This masterpiece deserves 9.5 out of 10.
It isn’t perfect, but this is as close as you can get.
Things to notice
Miracle Landing is one of the most technically accurate air disaster movies ever. However these small goofs are the result of filming conditions.
- The airport portrayed as Hilo (ITO) is actually Kahului (OGG), hence the scene where the 737 lands on “runway 2”, when in fact it was cleared to land on runway 8. Also, at the time of filming, ITO did have jetways, but the passengers boarding the 737 to Honolulu are using airstairs. It appears that this scene was filmed in OGG as well, which was still under construction at the time of filming, and did not have jetways yet. (Thanks to Bryan S. from Hilo for the details).
- A very small mistake: the shadow inside the flight deck as the plane positions and holds doesn’t change, even though the plane turns. But you can’t ask too much to a made-for-TV movie!
- This goof was discovered in the Internet Movie Database in early 2001: “Gail Kornberg’s gold hoop earrings disappear and reappear throughout the movie.”
Here are some trivia that compares the real event with the dramatization.
- Nearly all the conversations during the emergency are somewhat verbatim, including the portion where the controller in Maui Tower is confused about the callsign of the flight with the emergency.
- An air traffic controller was flying on the jump seat on flight 243, which is not shown in the movie.
- The aircraft seen in the movie, assuming the registration wasn’t modified for filming, is N70723, which was at the time owned by… Aloha Airlines. It was re-registered C-GCWJ and was last flying with WestJet Airlines, from Canada. The real registration of the Aloha Airlines 737 involved in the crash is N73711.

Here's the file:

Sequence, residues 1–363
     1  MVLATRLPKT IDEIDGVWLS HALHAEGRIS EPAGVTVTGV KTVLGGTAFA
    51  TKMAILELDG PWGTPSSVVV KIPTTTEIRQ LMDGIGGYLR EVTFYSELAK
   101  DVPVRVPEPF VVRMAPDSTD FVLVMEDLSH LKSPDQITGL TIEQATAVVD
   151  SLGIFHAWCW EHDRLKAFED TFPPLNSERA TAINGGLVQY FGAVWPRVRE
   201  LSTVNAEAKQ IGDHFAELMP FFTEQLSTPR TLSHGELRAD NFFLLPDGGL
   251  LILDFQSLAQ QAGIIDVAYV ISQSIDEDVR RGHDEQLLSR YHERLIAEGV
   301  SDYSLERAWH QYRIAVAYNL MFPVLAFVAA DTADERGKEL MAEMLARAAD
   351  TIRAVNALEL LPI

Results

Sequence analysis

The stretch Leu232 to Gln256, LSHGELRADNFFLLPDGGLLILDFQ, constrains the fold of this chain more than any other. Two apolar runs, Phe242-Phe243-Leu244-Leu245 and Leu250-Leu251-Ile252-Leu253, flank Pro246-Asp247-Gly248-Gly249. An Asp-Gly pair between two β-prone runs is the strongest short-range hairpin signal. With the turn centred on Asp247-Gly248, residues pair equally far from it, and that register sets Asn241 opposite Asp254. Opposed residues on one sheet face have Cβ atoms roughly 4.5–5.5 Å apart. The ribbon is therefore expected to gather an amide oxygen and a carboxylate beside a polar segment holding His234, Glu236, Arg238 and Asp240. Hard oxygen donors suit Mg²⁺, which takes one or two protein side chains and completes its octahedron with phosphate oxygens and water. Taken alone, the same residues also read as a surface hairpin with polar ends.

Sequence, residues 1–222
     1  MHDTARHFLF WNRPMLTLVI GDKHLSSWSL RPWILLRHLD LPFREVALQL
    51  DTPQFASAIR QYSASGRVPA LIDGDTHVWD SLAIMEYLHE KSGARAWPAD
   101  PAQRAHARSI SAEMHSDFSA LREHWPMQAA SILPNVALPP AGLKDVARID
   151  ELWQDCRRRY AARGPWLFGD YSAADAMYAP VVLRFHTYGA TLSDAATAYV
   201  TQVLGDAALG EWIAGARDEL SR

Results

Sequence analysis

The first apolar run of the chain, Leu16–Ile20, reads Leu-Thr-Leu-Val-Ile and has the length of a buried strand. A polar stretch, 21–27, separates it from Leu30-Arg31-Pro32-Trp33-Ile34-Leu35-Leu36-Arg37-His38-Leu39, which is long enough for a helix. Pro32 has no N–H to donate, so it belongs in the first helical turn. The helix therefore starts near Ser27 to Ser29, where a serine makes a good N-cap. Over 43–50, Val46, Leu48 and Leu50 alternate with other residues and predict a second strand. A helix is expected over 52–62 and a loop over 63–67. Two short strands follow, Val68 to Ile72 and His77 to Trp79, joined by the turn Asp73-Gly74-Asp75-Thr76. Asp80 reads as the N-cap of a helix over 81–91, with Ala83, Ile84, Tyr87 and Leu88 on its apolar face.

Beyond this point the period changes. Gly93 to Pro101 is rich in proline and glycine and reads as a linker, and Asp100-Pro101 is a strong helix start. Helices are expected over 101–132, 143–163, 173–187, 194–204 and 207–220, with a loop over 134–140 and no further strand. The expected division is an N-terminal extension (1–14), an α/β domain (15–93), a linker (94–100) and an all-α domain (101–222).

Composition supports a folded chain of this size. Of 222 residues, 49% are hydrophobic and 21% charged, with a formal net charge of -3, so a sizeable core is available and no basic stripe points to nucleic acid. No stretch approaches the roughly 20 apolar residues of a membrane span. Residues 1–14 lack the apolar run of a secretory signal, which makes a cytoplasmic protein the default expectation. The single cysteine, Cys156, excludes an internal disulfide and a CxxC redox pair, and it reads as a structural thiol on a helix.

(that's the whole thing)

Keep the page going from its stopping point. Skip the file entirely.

- The name of the real airline, Aloha Airlines, is never mentioned in the movie. At the end, the picture of each main character (the crew) is shown, with a narration of their life after the incident. For example the narrator says Mimi Tompkins successfully finished her training as a captain and continues to fly for “the airline portrayed in this movie”.
You may be interested to know that…
- During the decompression, a passenger is reading a magazine and it is quickly sucked out, along with his tray table. The magazine was open on an ad for America West Airlines starting its 747 service to… Hawaii. This is also where you notice the Paradise inflight magazine in the seatback pocket.
- The two take-off scenes are in fact the same action filmed under two different angles. You can see an American DC-10 taxiing into position and holding, while a Hawaiian DC-9 is holding short.
- The filming of Miracle Landing was hazardous for Ana-Alicia’s health. She ended up with a broken rib and lung infection (due to the smoke). She says the doctor thought she was an abused wife. (source: Falcon Crest – A Tribute)
- In the movie, C.B. Lansing is called “C.B.” by her friends and even her name tag says “C.B.”. It is a diminutive for her real name, Clarabelle. (source: Popular Mechanics, Aug. 1988)
It is a Boeing 737-200, registration N70723, flown by Paradise Airlines, flight 243 from Hilo (ITO) to Honolulu (HNL).
- IMDb – Miracle Landing
Quotes, trivia, goofs and more from the world’s largest movie database.
- Wikipedia – Aloha Airlines flight 243
Detailed recount of what happened on April 28, 1998.
U.S.A. 1990. Produced by CBS Entertainment Productions. Directed by Dick Lowry. Starring Connie Sellecca, Wayne Rogers, Ana-Alicia, Nancy Kwan, James Cromwell, Jay Thomas. Rated PG. Also known as Panique en plein ciel (French), Katastrophenflug 243 (German).
UPDATE (October 10, 2015): Garner Simmons, writer of Miracle Landing, comments this movie review (see below).